The Department for Work and Pensions (DWP) has laid outs plans to build a commercial team that is “respected” across government and is “fit for future”, which will also drive hundreds of millions of pounds of ICT savings and boost the department’s use of SMEs for supplying goods and services.
In its latest commercial strategy, DWP outlines how in 2012/13 the department spent £3.4 billion on third party suppliers, which is approximately 43 percent of DWP’s total running costs and around 8 percent of all government commercial spend.
DWP states : “This plan sets out our strategic commercial approach for the next three years explaining how we will be seizing the opportunity of Government Procurement Reform, market developments and contract expiry, transform the way we operate, under a Commercial Change Programme, to help the department achieve its key responsibilities in improving services to the public and increasing organisational efficiency.”
It outlines how it is going to build a cross government commercial team that is listened to by the business for its commercial and procurement skills and market knowledge, whilst also create category teams with end-to-end accountability and responsibility across the procurement lifecycle.
DWP aims to “operate with staff skilled across the procurement lifecycle within smaller teams, which effectively support major programmes and service delivery with strong commercial direction”.
The department wants to organise its structure around what it buys and the suppliers and markets it operates in, with the aim of implementing a new organisational structure by April 2014.
The plan states that it hopes to achieve £34 million of ICT savings by 2013/14; £38.5 million by 2014/15; and £135 million by 2015/16.
It also aims to increase its spend with SMEs – either directly or indirectly through the supply chain – to 22 percent by March 2014 and 25 percent by March 2015. DWP’s combined spend with SMEs stands at 16 percent – as of August this year.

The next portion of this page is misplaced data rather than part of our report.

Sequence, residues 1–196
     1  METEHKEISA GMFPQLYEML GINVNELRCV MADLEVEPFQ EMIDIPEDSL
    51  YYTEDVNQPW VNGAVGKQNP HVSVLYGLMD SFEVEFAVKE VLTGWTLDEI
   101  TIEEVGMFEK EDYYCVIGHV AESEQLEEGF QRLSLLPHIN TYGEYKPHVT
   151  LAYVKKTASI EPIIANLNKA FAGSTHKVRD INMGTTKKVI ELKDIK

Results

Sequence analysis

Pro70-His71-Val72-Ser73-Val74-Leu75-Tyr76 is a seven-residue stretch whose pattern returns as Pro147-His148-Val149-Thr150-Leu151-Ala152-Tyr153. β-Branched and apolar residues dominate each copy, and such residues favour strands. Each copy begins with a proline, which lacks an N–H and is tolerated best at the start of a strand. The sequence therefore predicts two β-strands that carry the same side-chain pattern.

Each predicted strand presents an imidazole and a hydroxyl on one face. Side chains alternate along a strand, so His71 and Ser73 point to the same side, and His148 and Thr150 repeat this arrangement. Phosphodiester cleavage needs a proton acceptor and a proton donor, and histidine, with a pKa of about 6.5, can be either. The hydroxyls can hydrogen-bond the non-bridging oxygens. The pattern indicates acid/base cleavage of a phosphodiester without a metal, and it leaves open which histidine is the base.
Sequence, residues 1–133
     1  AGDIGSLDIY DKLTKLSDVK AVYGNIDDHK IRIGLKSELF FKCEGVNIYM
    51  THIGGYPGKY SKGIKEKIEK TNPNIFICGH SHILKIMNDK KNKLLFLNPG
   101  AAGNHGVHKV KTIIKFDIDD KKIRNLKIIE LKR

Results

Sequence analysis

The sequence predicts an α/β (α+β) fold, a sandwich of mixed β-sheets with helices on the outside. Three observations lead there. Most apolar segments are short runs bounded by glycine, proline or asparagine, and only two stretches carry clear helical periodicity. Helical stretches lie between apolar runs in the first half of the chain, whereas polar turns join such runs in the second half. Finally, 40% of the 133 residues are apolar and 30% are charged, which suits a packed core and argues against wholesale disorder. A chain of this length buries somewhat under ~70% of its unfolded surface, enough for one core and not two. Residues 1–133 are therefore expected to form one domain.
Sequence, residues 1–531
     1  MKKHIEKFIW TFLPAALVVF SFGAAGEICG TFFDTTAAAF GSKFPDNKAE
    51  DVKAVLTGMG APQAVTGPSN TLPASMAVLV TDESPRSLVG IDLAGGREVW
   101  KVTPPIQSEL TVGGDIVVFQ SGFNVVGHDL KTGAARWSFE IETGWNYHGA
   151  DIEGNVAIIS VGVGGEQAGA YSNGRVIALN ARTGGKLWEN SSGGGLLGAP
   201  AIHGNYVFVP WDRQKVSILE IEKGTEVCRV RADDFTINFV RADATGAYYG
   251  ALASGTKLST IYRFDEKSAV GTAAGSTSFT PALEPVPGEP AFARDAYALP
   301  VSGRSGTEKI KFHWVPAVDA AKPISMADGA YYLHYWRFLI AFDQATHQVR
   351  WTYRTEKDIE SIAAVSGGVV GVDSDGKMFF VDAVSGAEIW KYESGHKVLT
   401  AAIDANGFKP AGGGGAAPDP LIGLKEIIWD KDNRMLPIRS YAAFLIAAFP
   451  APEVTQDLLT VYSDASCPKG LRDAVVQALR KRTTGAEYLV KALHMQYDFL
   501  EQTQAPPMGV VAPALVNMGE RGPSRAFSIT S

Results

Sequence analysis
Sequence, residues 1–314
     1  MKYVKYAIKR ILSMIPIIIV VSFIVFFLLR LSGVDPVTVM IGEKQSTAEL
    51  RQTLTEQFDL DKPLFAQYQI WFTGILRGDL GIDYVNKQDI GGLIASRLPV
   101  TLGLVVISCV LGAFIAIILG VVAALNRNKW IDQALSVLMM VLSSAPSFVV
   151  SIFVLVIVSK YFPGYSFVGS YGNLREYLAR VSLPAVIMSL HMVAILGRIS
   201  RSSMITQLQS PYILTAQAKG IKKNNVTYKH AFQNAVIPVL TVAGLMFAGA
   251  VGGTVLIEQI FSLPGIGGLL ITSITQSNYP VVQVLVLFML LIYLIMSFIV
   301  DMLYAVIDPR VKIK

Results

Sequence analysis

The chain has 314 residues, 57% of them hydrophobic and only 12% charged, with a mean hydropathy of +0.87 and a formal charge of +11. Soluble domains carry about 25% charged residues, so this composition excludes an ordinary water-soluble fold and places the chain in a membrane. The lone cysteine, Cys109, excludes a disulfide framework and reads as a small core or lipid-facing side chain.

DWP’s plan follows a number of recent reforms within Whitehall, which aim to diversify departments’ supply base and drive down costs. The government’s chief technology officer Liam Maxwell has said, for example, that when many of the departments’ key outsourcing agreements come to an end over the next couple of years they will not just be handed back to the same large suppliers – they will be restructured and support the use of agile working and SMEs.
To support this, the Cabinet Office and the Government Digital Service have introduced a number of frameworks to make it easier for smaller businesses to work within the public sector – namely the G-Cloud and the Digital Services Framework.
Furthermore, the government also recently formed the Crown Commercial Service, which is going to be responsible for common departmental spend, and aims to help departments become more commercially savvy. It is currently on a recruitment drive and aims to hire nearly 100 commercial experts.
However, DWP has also faced a number of ICT challenges in 2013 - largely with its flagship welfare reform project, Universal Credit.
Universal Credit aims to merge benefits such as jobseeker’s allowance, income support, housing benefit, child tax credit and working credit. The IT system supporting it will require real-time data on the earnings of every adult, from a new Pay as You Earn (PAYE) system being developed by HM Revenue & Customs (HMRC).
DWP plans to spend £2.4 billion to implement Universal Credit up to April 2023 and has spent £425 million up to April 2013. Most spending so far (£303 million) has been on contracts for designing and developing IT systems. However, to date there have been a number of suspected problems with delivery.
Duncan Smith recently told MPs on a select committee that he is in control of the project and that there is “no debacle”. However, he admitted that the department has had to write off, or ‘impair’, £40.1 million worth of IT assets to date – nearly a fifth more than the £34 million figure revealed to the National Audit Office earlier this year.
Moreover, this figure could increase: "If anything goes wrong going forward, that [figure] might be different," said Duncan Smith.
Universal Credit consists of £152 million worth of intangible assets, with £34 million of this to be used as software code in the final digital version.
The remaining IT assets will now also be written off over a five-year period, as opposed to the 15-year period that the department had originally planned.
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